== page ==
It was on Rachel's first trip to meet Nonito's parents that she began to understand what he had been through. In the car, Nonito struggled to explain his family dynamic. His parents were still married but, Rachel said, his father, who was also his trainer, was living with another woman. His family was traditional, and Nonito was afraid of how Rachel, a strong, confident American-born woman, would be received. In fact, within a month of dating Rachel, his father told him he had to stop seeing her.
"And I said 'no,'" Nonito said. "I told him I would quit boxing. It was the first time I defied my father, when I said 'I want to be with this woman.'"
Rachel's strong personality was exactly what Nonito needed. He proposed after four months and they were married less than a year after they first met. "She was everything to me," Nonito said. And slowly, Rachel's presence changed him. For years, Nonito feared going into the ring. Not because he was scared of his opponent, but because of what might happen should he fail. "I didn't want to see the sadness in my family's faces if I lost," Nonito said. Even after splitting with his father, in 2009, and hiring acclaimed trainer Robert Garcia, he felt it: In 2011, before his fight with Fernando Montiel, Nonito asked members of his team if they would still stick with him if he lost.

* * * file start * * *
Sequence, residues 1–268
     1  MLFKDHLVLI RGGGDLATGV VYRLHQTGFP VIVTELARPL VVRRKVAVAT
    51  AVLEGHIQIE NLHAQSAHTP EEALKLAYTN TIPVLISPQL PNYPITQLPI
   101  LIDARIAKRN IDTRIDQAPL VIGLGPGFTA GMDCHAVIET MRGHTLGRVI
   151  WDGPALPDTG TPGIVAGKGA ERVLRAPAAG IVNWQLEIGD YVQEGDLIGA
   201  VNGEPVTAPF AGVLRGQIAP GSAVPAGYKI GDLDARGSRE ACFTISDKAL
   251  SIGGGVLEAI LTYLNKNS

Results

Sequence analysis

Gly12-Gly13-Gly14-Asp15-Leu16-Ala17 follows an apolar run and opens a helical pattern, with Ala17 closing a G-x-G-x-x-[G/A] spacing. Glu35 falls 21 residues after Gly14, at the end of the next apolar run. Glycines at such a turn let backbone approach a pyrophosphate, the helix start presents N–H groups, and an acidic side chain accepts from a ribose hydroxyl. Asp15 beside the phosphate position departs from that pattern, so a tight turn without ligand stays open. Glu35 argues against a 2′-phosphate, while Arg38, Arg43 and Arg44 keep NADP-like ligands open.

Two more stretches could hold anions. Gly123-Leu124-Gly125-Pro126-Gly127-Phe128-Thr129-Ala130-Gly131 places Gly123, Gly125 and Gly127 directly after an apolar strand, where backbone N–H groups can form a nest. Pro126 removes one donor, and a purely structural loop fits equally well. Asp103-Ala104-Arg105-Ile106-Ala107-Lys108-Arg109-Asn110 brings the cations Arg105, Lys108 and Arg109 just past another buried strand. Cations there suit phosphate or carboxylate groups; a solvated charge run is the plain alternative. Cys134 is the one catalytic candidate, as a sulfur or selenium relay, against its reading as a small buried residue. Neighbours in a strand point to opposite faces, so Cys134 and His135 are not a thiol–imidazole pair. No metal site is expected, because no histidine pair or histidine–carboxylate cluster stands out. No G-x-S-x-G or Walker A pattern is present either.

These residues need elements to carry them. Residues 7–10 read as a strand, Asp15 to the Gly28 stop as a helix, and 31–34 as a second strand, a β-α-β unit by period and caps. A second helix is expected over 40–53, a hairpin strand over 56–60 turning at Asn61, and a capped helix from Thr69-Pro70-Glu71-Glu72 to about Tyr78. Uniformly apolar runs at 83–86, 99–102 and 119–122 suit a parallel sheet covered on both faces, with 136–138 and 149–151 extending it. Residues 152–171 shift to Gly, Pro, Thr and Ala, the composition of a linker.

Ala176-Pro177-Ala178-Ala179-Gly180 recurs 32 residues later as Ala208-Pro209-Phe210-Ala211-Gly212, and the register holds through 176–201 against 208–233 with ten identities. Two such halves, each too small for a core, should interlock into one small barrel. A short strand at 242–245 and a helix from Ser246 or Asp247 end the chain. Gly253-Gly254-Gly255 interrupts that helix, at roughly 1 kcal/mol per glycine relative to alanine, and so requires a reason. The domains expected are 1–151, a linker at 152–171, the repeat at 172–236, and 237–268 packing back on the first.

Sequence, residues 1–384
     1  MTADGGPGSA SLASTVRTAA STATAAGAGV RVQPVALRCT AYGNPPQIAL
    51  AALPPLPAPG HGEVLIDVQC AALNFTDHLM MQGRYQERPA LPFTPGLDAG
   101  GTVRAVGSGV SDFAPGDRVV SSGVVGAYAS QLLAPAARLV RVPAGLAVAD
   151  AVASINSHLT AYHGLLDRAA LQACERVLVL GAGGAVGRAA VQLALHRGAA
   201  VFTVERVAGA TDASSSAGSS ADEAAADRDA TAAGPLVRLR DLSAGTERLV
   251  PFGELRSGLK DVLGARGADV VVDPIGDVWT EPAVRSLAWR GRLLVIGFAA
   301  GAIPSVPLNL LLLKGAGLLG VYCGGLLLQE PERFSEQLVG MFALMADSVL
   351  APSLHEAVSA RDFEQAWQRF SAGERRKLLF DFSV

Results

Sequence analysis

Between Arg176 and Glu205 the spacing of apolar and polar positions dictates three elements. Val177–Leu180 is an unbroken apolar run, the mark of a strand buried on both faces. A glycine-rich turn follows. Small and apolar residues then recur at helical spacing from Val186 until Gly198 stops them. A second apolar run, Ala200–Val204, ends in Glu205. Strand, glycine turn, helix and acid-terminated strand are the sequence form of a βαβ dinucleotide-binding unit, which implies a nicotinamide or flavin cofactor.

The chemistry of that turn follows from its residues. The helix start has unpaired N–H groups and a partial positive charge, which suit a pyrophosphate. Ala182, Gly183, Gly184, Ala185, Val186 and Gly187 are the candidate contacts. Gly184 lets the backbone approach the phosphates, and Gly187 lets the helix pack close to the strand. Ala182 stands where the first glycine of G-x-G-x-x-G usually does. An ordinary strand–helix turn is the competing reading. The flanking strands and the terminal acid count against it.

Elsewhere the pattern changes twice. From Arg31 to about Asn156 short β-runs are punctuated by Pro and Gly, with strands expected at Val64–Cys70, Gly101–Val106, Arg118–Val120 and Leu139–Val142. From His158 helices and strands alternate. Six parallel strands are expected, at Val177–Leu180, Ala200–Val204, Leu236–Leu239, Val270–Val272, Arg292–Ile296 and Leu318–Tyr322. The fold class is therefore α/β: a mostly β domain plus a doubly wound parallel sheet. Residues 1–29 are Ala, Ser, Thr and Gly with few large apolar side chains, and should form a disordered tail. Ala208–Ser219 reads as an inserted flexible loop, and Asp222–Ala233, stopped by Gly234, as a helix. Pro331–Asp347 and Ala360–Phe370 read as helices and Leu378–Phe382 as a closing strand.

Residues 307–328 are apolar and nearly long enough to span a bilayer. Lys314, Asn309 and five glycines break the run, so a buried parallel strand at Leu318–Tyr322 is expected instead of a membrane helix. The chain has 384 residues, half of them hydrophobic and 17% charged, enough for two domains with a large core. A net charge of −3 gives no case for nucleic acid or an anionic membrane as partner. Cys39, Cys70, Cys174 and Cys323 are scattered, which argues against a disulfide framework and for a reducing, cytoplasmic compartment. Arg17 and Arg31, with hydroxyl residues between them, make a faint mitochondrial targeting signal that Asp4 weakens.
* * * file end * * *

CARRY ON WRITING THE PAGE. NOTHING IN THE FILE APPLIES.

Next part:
Today, things are different. Rachel can't pinpoint exactly when Nonito escaped the fear, when he began fighting because he loved it, when he began fighting for himself. But, they both say, he absolutely does now. He is still inwardly shy, still a pleaser, but that's what Rachel is there for. She is the yin to Nonito's yang, willing to be forceful when Nonito will not.
When an offer isn't high enough for a fight, it's Rachel who turns it down. When he defers to friends about where to go to dinner, it's Rachel telling him to let everyone know what he wants. During a meeting with Top Rank president Todd duBoef a few years back, Nonito got so nervous about asking for opponents that he left the room to throw up. When he returned, it was Rachel telling him to let his promoters know who
"If it was a contest of aggression," said promoter Bob Arum, "I'd rather go up against Nonito than against her."
Sitting in the upper level of Radio City Music Hall, where Nonito (31-1) will defend his WBO super bantamweight title against WBA champion Guillermo Rigondeaux (11-0) on Saturday night (HBO, 11 pm), Rachel Donaire laughs as she recalls how far she and her husband have come. She is six months pregnant with the couple's first child and, like most expectant mothers, is ready for her baby to pop out.
"[Nonito] likes to say when he is moving, he is punching," Rachel said. "I just want him to stop."
Their family is stable, both financially -- Nonito has become a $1 million-plus fighter headlining HBO shows -- and emotionally. If Nonito beats Rigondeaux he will likely move up to featherweight, where more challenges and more money awaits. From the depths of depression, Nonito has found peace in his life.
"I have accomplished more than many other fighters have in the boxing world," Nonito said. "[But] to me the most precious moments I have is feeling this kid kick. To be there and to witness every movement and every kick -- I am really happy."